Red Mountain viewed from the south
Red Mountain from within the AVA and one of the earlier vineyards
Red Mountain AVA (American Viticultural Area) is a hot (both commercially and climatically) vineyard area east of Benton City. The hot summer weather, windiness, south facing aspect and a mix of ice-age flood soils mantled with windblown silts and volcanic ash produce grapes that are much desired and acclaimed by wine makers and drinkers.
The first small vineyard was put in during the 1970s. A few more were added in the 1980s and early 1990s. By 1996 Red Mountain was gaining a reputation for excellent wine grapes. The extent of vineyard plantings in 1996 prior to the AVA designation is shown in this Google Earth image with the future AVA approximately outlined.
The Red Mountain AVA was designated in 2001 as a means to distinguish it from the broader Columbia Valley and Yakima Valley. Since that time there have been a variety of sites that have since carved out distinct AVAs of various sizes and peculiarities of climate and soils.
Since 1996, shown above, and since the designation of the Red Mountain AVA, the extent of vineyards has expanded considerably.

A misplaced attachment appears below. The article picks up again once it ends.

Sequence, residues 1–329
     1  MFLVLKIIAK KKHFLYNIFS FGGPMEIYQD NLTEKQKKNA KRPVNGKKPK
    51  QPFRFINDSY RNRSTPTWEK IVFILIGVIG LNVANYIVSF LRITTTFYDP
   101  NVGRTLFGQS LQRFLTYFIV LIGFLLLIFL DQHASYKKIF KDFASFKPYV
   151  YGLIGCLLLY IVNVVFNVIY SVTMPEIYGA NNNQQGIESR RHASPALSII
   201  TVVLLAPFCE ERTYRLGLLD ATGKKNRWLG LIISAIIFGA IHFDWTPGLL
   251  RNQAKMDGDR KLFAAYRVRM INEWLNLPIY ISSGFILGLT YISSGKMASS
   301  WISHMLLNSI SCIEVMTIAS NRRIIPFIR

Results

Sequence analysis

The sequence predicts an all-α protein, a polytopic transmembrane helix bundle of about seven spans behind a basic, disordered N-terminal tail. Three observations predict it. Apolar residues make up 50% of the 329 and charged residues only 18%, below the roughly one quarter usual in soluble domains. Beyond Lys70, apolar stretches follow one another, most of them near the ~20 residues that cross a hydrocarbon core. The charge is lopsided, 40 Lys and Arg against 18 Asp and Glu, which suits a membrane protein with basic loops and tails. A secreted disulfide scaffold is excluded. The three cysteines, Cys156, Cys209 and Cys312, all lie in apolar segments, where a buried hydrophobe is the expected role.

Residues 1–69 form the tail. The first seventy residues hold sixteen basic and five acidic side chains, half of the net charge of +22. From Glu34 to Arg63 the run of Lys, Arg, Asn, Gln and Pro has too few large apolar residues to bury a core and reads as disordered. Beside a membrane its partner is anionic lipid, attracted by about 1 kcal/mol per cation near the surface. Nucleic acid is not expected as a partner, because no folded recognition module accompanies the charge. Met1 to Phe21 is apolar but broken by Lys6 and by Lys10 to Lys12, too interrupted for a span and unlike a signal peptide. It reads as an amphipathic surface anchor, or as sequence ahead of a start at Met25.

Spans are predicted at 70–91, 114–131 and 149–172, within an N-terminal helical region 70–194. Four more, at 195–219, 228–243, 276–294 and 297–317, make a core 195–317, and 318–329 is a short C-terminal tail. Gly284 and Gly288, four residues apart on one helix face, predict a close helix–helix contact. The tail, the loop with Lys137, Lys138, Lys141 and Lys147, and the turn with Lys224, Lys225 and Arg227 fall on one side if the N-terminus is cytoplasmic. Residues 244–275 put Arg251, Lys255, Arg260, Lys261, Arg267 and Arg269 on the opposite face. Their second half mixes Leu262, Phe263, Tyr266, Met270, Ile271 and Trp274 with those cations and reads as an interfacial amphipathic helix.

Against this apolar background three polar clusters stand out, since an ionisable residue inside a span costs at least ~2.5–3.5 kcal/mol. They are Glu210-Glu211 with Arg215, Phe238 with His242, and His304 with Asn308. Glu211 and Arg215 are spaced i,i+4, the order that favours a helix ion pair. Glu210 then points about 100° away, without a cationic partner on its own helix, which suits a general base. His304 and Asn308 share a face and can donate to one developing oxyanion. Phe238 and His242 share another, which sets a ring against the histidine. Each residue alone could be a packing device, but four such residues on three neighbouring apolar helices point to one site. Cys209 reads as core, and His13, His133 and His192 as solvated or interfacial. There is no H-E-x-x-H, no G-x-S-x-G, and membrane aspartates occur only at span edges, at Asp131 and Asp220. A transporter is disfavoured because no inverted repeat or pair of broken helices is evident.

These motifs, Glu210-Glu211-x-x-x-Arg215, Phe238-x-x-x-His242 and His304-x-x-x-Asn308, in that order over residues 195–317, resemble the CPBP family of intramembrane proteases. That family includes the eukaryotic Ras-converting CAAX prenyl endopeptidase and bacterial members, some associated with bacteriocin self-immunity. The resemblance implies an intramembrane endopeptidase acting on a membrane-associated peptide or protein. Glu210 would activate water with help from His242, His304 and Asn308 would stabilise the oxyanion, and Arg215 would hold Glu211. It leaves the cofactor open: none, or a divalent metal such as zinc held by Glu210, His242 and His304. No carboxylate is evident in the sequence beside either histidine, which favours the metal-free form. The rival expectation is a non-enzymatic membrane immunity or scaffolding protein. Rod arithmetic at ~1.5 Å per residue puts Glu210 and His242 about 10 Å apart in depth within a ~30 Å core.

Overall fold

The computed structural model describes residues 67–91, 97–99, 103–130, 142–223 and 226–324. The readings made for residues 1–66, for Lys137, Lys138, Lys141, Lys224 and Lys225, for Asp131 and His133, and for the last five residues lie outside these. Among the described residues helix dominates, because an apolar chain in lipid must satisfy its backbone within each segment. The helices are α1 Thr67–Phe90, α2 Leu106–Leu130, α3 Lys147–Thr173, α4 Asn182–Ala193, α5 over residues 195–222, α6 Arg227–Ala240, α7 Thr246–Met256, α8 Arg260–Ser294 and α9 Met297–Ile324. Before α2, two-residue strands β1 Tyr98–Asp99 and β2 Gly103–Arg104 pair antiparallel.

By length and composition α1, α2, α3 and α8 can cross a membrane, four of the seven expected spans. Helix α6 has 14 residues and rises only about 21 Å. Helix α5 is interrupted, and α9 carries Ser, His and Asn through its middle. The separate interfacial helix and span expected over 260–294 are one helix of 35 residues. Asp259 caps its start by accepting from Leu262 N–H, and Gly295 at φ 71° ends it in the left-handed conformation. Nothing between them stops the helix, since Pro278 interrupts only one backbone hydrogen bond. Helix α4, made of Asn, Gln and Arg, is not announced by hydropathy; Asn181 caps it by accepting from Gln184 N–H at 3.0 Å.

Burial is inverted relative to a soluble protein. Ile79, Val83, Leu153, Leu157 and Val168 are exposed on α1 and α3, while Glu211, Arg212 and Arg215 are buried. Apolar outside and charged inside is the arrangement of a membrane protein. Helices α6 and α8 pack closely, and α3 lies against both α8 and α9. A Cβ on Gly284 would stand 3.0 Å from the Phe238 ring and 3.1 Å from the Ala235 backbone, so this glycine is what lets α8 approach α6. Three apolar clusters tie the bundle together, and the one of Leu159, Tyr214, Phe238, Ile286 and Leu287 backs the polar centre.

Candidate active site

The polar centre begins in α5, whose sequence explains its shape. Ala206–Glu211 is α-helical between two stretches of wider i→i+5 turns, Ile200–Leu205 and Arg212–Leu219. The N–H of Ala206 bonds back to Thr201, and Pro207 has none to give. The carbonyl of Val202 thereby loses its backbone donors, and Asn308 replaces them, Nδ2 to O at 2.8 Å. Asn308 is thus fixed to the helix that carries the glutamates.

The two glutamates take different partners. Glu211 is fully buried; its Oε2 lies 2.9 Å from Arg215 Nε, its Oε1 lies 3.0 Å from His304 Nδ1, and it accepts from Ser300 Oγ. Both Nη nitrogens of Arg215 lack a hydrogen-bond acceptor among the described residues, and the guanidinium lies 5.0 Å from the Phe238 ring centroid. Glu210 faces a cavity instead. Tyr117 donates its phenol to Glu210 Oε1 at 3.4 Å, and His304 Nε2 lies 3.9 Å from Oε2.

To the west (left in image above) of Red Mountain AVA is the Yakima River which flows from west to east and then makes a sharp turn to the north where it flows along and below the west of the AVA. Benton City is within the bend. Prior to the vineyard plantings, Red Mountain was mostly scrub steppe land that had been heavily grazed and had a fair covering of cheat grass, an invasive poor nutrition grass which takes on a red hue in late May after it dries out.
The water to irrigate the vineyards has been for the most part via wells. But a big expansion of vineyards is coming. The Kennewick Irrigation District (KID) is working on a $20 million dollar project to irrigate 1,700 acres within and adjacent to the AVA (KIDRM_Proposed_Irrigation_System_Map111212.pdf). The water will be from the Yakima River via a pump station under construction at the southwest end of the AVA. Most of the wells will be replaced by the pump system.
KID obtained the water through a complex formula of reduced water usage as formerly irrigated ground in the District was converted to less water intensive uses, conservation and a bit of legal action that was settled with agreements with Washington State Department of Ecology as well as the Yakima Nation.
The costs of the project were fronted by a State of Washington Program for water in the Columbia Basin, but KID will pay the costs back via fees and payments from water irrigators that use the system. In addition KID currently owns many of the tracts of land that will be served by the water and is holding an auction to sell many of those parcels on Saturday, November 23 via auction. The auction will be a big test to see if this scheme is going to pay both for the KID and for vineyards on Red Mountain. It also a chance for would be wine grape growers to get in on the hot Red Mountain AVA.